“I’m truly thrilled to be here at the opening of the Dublin Theatre Festival and even more so to be here with a new play Somewhere Out There You opening on the mainstage of the Abbey Theatre to be directed by the legendary Wayne Jordan.
The Dublin Theatre Festival has long been for those of us who for have devoted ourselves to the theatre, a bit like Christmas for kids – or Christians – it’s the highlight of the year. It’s something we save up for, gorge on, argue over, and for many of us, the work we have seen here over the years has left a profound and indelible mark on us as human beings and as artists.
The Dublin Theatre Festival is where I encountered the work of the Italian director Romeo Castellucci for the first time, over 20 years ago now. Giving away my age.
I distinctly remember seeing his Genesi, a three-hour stage piece inspired by the book of Genesis, in which Alsatians roamed freely onstage, there was a contortionist in a glass box and the stage itself, at one point began to breathe. The work grappled with ideas of creation and destruction, Auschwitz, the development of the nuclear bomb. It was haunting, devastating – like a glimpse into one’s own unconscious during a nightmare. It is an experience that changed me in ways I didn’t fully understand then, and probably still can’t fully articulate now. It has stayed with me ever since.
Later, as part of the same festival, I went to Q and A with Castellucci, where the essence of what he said, if memory serves, was that no matter what he was working on – whether Shakespeare or the bible – his mission was to metaphorically burn down the text and distil it to image.
Obviously as a playwright now, ‘text’ has become kind of important to me, so I might have some feelings about metaphorically burning it. But it was Castellucci’s words and work that probably led to my belief, that image can and should play as important a role in playwrighting as anything else. They also made reflect me on the fact that, even from a playwright’s perspective, words alone are not just what make up a great play. Plays are a strange alchemy of many things. Rhythm and silence, truth and courage are arguably as important elements in a great play, as plot, character and dialogue.
And the most important element of all might be desire. The desire on the part of those of us who create theatre to communicate something from deep inside ourselves to an audience.
Somewhere Out There You is probably, on the surface, about as far from Genesi as you could get. It’s unashamedly in the genre of romantic comedy – its ‘plot’ centres around someone bringing home her ‘hot’ new boyfriend to meet her family and no one in her family believing he could possibly be her boyfriend. It’s ambitious in cast size and scale, and thank you to the Abbey for supporting that. But it also attempts to wrestle with ideas of truth, roleplay, narrative and how we express our authentic selves in the world, whether as artists or people. And what happens when the world refuses to allow us to do so.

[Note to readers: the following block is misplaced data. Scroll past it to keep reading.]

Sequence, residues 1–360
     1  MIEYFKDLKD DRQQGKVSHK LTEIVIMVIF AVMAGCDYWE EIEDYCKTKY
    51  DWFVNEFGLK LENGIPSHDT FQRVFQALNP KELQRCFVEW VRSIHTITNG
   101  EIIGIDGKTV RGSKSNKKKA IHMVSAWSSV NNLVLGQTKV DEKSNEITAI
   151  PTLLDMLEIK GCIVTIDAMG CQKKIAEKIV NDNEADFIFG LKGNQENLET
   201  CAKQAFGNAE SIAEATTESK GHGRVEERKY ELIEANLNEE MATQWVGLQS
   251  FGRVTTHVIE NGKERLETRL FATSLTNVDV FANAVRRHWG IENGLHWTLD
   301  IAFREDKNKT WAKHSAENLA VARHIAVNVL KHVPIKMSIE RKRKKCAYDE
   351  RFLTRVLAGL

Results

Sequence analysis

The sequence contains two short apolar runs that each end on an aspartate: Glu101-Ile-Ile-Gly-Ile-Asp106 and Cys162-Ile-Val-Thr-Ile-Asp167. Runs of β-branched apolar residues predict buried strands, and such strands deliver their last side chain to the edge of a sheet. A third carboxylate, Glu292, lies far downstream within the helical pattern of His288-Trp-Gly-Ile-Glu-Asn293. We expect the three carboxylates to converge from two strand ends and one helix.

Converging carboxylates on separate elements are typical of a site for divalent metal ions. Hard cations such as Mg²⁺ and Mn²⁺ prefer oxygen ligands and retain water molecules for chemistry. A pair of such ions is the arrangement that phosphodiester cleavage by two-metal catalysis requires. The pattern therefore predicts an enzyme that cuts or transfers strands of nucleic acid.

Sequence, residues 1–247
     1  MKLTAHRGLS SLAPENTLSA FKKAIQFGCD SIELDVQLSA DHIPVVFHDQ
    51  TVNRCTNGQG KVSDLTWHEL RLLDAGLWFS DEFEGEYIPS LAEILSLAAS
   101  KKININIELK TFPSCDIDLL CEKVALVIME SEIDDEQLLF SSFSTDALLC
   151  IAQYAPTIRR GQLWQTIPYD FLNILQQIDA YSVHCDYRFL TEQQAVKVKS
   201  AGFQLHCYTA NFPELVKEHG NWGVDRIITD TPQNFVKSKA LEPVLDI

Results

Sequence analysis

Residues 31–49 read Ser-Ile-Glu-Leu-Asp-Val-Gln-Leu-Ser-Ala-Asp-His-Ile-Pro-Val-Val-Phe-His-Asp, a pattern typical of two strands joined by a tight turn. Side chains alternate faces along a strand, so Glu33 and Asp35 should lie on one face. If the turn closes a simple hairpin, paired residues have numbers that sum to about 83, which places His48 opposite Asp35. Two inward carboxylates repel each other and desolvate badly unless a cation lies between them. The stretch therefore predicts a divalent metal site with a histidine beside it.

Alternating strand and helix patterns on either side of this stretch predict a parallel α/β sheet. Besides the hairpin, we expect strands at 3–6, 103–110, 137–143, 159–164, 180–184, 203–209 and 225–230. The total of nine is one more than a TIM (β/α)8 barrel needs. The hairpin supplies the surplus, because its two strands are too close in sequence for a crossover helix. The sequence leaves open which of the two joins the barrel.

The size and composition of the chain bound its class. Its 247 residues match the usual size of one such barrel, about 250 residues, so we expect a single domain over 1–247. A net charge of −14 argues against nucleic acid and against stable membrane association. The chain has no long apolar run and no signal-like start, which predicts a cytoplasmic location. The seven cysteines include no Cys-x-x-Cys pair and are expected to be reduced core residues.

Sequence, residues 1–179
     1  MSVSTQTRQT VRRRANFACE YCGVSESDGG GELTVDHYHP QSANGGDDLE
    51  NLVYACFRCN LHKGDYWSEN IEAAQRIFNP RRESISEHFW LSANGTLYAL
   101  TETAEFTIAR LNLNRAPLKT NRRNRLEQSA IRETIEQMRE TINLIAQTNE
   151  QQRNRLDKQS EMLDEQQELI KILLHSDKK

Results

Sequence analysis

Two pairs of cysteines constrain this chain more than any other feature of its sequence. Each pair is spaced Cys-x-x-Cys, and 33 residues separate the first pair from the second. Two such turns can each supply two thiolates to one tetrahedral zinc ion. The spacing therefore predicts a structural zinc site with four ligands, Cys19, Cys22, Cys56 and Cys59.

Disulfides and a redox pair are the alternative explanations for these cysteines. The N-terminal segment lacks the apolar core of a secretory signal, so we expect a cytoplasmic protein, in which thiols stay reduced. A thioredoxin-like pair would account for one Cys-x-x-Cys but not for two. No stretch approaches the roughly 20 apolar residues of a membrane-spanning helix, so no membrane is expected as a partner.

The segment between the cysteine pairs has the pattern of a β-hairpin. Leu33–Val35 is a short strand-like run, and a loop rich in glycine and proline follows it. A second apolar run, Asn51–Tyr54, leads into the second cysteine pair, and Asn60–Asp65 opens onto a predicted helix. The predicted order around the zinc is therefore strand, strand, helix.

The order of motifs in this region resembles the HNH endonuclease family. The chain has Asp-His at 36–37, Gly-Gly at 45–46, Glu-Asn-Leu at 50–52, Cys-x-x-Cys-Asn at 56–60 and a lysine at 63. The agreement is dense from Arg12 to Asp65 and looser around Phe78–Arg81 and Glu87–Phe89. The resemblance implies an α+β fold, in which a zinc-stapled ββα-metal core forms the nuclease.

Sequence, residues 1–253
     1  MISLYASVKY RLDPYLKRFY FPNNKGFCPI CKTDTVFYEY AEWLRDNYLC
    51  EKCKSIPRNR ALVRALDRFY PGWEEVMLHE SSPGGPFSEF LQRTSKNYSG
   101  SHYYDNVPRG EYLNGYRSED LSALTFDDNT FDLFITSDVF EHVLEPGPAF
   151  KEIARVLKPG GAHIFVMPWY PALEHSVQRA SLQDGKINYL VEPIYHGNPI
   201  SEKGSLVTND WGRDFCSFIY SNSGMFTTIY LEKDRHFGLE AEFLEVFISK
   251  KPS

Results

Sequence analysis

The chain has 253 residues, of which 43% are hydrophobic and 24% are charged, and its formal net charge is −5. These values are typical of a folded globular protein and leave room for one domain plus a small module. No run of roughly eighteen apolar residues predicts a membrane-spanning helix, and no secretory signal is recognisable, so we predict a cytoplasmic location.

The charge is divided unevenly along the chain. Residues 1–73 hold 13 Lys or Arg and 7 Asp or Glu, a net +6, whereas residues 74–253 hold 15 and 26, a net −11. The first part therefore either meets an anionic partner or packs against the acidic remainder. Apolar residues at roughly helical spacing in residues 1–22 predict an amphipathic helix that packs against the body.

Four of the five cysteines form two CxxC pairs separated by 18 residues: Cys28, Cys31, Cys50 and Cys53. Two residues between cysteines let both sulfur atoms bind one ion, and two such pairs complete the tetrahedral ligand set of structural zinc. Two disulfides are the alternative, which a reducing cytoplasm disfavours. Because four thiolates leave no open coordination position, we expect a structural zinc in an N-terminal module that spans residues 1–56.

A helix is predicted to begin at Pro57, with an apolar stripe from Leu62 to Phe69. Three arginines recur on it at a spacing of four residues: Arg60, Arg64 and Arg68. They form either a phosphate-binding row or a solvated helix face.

All theatre artists know the frustrations of artistic expression. Whether it’s funding cuts, a pandemic that has decimated the sector, or ‘thanks but no thanks’ from the powers that be, rejection is part of every artist’s life, especially theatre artists. Recently I have noticed a trend in newspaper interviews with playwrights or directors who have been in the game a long time, in which the journalists talk about that director or writer’s ‘career’. I looked up the definition of ‘career’ recently – just for fun – and it said: ‘an occupation undertaken for a significant period of a person’s life and with opportunities for progress…’.
An occupation undertaken for a significant period of a person’s life feels absolutely true, the opportunities for progress… more precarious. As a playwright you never know if your next play will be your last, an actor never knows if they’ll be hired again, a director if their vision is still relevant. And we all know all too well how it has been for the women artists in this country for too long.
Of course things can be changed. And that which can be changed must be. After Waking the Feminists, we have seen more women in roles of artistic leadership in Ireland and I’m proud to be one of several Irish women, including Erica Murray, Janet Moran, Karen Egan and Deirdre Kinahan, to be premiering new plays as part of this year’s festival.
But the truth is a ‘career’ in theatre is not so much a career as a life. A life riddled with uncertainty – both financial and emotional – a life that requires resilience and perseverance and a willingness to be judged, but a life which also holds within it the possibility of communicating profoundly with an audience. An audience made up of individuals with their own joys, griefs and losses, who for one evening or afternoon have gathered together in a room to have a shared experience. An experience which might reveal to them something about themselves, about the world, about life. An experience which can never be repeated in quite the same way twice.
This is the privilege of a life in theatre. It is why we do it. It is what makes the Dublin Theatre Festival, with its commitment to celebrating and spotlighting national and international artists’ life’s work so necessary, and such a great privilege to be a part of.
Because as ephemeral as theatre as an art form is, there is always the possibility that there is someone out there, over twenty years after the fact, who remembers the Alsatians roaming freely onstage, and the stage breathing, and the bodies in space, and who knows that in some strange indescribable way, the person they were when they walked into that room, unaware of what they were about to see, was the not the same person who walked out.”